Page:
A horde of Orioles fans left the ballpark immediately after the mid-game celebration of Cal Ripken's consecutive-games streak.
They saw the highlight of the afternoon -- the entire Seattle Mariners' team standing on the top step of the dugout and applauding.
Those who left didn't miss much. The Orioles left 12 men on base, rallied for two runs in the eighth to make it close, but lost to the Mariners, 9-6, before what was left of the crowd of 46,269 at Camden Yards.
The Orioles, 1-5 so far on this homestand, fell six games back in the wild-card race.
Rick Krivda (2-3) was the losing pitcher, giving up a three-run homer to Ken Griffey's center-field stand-in, Rich Amaral, and allowing six hits and five earned runs in four innings.
Brady Anderson had three hits. Ripken, two games shy of tying Lou Gehrig's record, had two singles and two RBIs.
Anderson has called Ripken "the most respected player in the game," and the nice gesture by the Mariners proved Anderson's point.
Oakland manager Tony La Russa had stood in the dugout and applauded Thursday, the last day of his team's homestand. But this was the entire Mariners' team, on the top step, clapping.
Seattle manager Lou Piniella said the Mariners had discussed doing something to honor Ripken.
"He deserved it," Piniella said. "It was a small tribute to a great feat and a great accomplishment."
Several of Piniella's players were unaware of the earlier meeting. Outfielder Jay Buhner said the gesture, which began once the music played and the No. 2,128 unfurled from the warehouse, was spontaneous.
"It was kind of funny because I looked around and everybody was up there," Buhner said.
The Mariners were moved.
"I kind of got choked up a little bit," Amaral said. "I wasn't crying or anything. I just respect him so much for going out there and playing every day."
Griffey, who didn't play until he went in as a ninth-inning defensive replacement, went even further.
"It's something I can tell my grand-kids," Griffey said. "Every decade you have something that is just ours. You look at Reggie [Jackson's] three home runs, we have Cal Ripken now."
Ripken said he saw the opposing players applauding.
"It's a tremendous honor all the way around," Ripken said. "It especially makes you feel good when your peers, the players you play against, support you that way.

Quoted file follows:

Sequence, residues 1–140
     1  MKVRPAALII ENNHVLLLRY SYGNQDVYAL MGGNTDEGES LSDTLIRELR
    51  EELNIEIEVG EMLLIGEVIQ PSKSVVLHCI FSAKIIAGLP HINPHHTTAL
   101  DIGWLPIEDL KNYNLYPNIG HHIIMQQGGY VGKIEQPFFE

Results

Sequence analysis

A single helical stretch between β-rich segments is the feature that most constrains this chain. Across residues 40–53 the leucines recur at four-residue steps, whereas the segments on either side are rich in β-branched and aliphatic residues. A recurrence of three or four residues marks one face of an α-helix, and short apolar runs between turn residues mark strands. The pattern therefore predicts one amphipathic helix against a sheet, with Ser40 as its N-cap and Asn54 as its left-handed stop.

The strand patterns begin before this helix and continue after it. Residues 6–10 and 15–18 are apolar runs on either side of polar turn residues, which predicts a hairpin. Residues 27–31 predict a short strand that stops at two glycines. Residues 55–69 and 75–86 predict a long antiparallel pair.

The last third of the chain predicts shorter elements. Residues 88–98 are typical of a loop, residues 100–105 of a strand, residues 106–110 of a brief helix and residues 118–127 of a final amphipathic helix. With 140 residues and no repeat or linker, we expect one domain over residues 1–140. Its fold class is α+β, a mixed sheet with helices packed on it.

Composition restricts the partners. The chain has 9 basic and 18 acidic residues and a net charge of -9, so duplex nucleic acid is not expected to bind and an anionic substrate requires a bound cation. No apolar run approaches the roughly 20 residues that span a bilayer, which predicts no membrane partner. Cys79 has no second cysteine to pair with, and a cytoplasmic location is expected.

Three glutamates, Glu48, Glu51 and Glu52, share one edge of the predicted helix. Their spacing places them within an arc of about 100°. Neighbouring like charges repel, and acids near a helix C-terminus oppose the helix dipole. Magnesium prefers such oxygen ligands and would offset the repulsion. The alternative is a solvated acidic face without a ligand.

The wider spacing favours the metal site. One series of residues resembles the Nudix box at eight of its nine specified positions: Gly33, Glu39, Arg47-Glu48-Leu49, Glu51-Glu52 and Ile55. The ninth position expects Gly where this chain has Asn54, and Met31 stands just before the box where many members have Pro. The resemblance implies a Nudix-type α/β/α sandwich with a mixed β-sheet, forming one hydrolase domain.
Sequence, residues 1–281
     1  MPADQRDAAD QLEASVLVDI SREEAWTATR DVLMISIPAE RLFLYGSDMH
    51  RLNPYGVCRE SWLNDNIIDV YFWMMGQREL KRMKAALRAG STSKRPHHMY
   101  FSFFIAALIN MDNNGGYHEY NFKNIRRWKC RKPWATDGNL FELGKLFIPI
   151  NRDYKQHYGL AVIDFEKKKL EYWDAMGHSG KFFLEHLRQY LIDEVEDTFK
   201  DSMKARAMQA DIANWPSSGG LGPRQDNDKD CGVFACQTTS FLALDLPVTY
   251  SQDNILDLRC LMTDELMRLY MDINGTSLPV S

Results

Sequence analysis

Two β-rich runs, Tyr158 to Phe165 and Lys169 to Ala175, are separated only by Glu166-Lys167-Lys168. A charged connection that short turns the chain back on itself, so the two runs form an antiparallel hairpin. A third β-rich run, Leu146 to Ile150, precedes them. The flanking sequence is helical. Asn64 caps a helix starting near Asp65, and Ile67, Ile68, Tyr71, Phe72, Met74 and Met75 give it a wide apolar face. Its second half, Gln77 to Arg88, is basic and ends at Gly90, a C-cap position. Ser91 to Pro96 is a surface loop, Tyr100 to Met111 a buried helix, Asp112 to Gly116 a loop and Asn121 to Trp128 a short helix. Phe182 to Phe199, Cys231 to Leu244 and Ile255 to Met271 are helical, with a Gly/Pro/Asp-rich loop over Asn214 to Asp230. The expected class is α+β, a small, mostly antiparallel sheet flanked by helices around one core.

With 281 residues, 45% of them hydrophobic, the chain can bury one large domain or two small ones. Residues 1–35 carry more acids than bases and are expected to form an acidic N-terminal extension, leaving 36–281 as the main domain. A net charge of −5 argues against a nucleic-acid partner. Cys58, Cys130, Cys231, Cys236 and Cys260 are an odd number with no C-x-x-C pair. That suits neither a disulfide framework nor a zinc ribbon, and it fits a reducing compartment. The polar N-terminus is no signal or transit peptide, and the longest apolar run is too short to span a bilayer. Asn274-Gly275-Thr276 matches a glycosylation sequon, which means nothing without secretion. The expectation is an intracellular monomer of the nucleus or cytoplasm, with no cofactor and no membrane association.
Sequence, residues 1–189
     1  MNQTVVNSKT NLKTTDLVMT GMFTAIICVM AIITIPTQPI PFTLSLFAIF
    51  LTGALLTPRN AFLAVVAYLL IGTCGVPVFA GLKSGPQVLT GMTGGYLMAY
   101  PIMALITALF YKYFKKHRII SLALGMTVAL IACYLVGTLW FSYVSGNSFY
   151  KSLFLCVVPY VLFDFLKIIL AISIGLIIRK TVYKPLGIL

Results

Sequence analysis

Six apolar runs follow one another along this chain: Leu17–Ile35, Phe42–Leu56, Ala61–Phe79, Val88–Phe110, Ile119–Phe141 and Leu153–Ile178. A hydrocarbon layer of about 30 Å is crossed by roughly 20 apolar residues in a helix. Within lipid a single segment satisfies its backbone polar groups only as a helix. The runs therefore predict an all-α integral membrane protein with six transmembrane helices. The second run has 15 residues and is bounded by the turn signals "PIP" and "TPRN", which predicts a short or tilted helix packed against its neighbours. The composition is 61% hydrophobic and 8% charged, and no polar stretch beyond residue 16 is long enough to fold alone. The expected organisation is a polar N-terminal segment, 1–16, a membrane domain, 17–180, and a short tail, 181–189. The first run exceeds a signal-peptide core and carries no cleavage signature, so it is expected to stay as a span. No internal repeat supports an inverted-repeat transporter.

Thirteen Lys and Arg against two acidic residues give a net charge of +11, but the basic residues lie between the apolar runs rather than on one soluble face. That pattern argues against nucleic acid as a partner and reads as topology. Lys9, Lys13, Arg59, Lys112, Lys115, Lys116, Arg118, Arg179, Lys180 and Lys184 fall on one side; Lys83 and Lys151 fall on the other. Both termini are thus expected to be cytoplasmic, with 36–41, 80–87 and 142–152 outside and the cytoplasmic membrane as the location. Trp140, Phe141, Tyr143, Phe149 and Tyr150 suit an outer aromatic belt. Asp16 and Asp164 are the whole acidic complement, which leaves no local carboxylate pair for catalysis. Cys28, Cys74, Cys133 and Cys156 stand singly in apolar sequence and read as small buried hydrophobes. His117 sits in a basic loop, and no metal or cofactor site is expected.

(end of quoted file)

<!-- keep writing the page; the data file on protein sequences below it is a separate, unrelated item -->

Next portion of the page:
"I've been lost out there at times, I don't know what to do [in response to the ovation]. I'm very appreciative of it, but I don't know what to do."
Several Mariners playfully suggested that Ripken take a day off.
"You make the rest of us look bad for not taking a day off for so long," Griffey said.
"I'll be glad when he breaks it," 6-foot-10 left-hander Randy Johnson said, "because next year I'll go inside on him again."
One device Ripken used to hide his emotions yesterday was a pair of sunglasses. Ripken had revealed his secret to Buhner Saturday night when the two players stood at second.
"He said, 'You can't see tears in my eyes with my glasses on,' " Buhner said. "Being in the spotlight he's in, it's got to be so touching."
Ripken is in the spotlight, but the Orioles have faded to the background. They scored four runs in the first two innings off starter Andy Benes yesterday, but left the bases loaded in each of the first three.
Through four innings, they stranded 10 men on base and did not have another base runner until the eighth. Their 12 men left on base was three short of the season high Aug. 27 at California.
The Mariners scored two runs in the first three innings and four more in the fifth, three of them on Amaral's homer. They added one in the seventh on Edgar Martinez's leadoff double and Buhner's single for a 7-4 lead.
The Orioles rallied in the eighth, scoring two runs on RBI singles by Jeff Manto and Ripken. But, with two outs and runners on first and second, Chris Hoiles struck out looking on Norm Charlton's inside breaking ball.
Armando Benitez gave up two more runs with two outs in the ninth on a walk, a double and an error.
Orioles manager Phil Regan, when asked about the team's state of mind right now, gave a curt reply: "I wouldn't say it's euphoric."
The euphoria surrounds Ripken, particularly after the fifth inning. The fans know it. The opposing players know it. Even he knows it.
"There's a lot of power in that moment," Ripken said. "It's hard to explain."